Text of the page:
Nordic EU criticism rising

Ville Tavio,
Parliament of Finland

Chairperson of the Finns Party Parliamentary Group,

Throughout the second half of 2020, the most important non-COVID-19 topic in European politics has been EU’s 750 billion “recovery fund”. In carefully crafted rhetorical speeches the fund is justified by the ongoing coronavirus situation, but actually this virus is utilized as an excuse to distribute 390 billion euros as grants and 360 billion in loans. The conditions for getting money from the fund have little to do with the epidemic.

While the coronavirus situation and its financial consequences should of course be taken seriously, one has to wonder this elephant in the room: Transferring 750 billion euros was planned without referendums, and while the very rules of the European Union are stretched to their extreme limits, probably even broken. Why are the member states so silent about all this?

More precisely: Why are the Baltic Sea region countries so silent? The Baltic Sea region countries are financially stable and rather well-to-do members in the European Union, while big receivers of the recovery scheme would include Southern European countries like Italy and Greece. The final and exact numbers for each country remain unclear for now, but the fund was planned to be created by a loan that the Commission would take from markets. Following this, the regular membership payments of the member states would increase and the loan would eventually be paid back from the Union’s budget. In overall, the fund plan is turning the EU into a socialist income redistribution union.

The Baltic Sea region could greatly benefit from a real free-trade area, call it EU or something else. Unfortunately, the current situation of the EU is getting closer to socialism than free trade. This is a direction that the Baltic Sea region must oppose for its own prosperity.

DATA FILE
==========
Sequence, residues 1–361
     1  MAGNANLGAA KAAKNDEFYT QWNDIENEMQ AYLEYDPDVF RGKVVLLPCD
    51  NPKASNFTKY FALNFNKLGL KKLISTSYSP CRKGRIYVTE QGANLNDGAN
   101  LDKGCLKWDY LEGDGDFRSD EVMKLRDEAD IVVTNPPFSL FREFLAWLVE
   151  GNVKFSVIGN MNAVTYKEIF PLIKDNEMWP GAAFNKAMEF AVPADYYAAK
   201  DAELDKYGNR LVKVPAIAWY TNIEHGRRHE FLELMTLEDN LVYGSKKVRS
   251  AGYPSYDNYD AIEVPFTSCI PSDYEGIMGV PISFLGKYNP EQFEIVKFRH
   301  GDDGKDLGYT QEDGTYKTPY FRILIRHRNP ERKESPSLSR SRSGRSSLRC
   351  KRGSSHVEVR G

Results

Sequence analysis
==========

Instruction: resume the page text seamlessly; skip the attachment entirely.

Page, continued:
The core issues in Italy’s economics, for instance, are in the political and societal system, not in the coronavirus. The recovery fund is like having Northern European countries pour water into the dry wells of the South. After a while, another “exceptional” funding will be needed again.

The first bailout of Greece was supposed to be a unique arrangement that will never happen again. The same was said about the bailout of Portugal, the second bailout of Greece, and so on. We already know the script very well. Perhaps that is why the German Finance Minister Olaf Scholz boldly said in August 2020 that the European Union’s recovery package is a long-term measure rather than just a short-term coronavirus crisis fix. Although my opinion on the new fund differs from Scholz’s, I appreciate his honesty.

One has to wonder if the current Union is what people in the Baltic Sea region wanted and expected when they joined the European Union. Finland and Sweden joined the EU in 1995. Estonia, Latvia, Lithuania and Poland followed in 2004. Denmark has been in the EU since the 1970s and Germany since day one. In 2020s, the time is ripe for asking a fundamental question: Is this the same Union that we joined long ago?

The Union has traditionally been against joint debt, but not anymore. Both the Union and its biggest members have spoken against joint debts, but with the historic 750 billion recovery scheme, leaders have shown green light. This is a turning point for the EU, as important as the Treaty of Lisbon.

Financial aid for mainly Southern European countries is advocated as an investment. For Finland, different bailout deals are already our biggest investment after the World War II. When one adds the regular EU membership fees to the calculation, being in the EU is one expensive investment.

Some Baltic Sea region countries are still on the receiving side of EU’s internal money circulation, but this may change when the euro crisis goes further on.

The Baltic Sea region countries must speak louder about their own interests. Some of the region’s countries are relatively small, but together we can achieve more.

In the recovery scheme negotiations we all noticed an alliance called the Frugal Four. Together those four EU members had more authority and influence in the recovery fund negotiations than they would have had as solo players. If the Baltic Sea region countries form a similar cluster, we can better achieve our national and shared goals in Brussels and Strasbourg.


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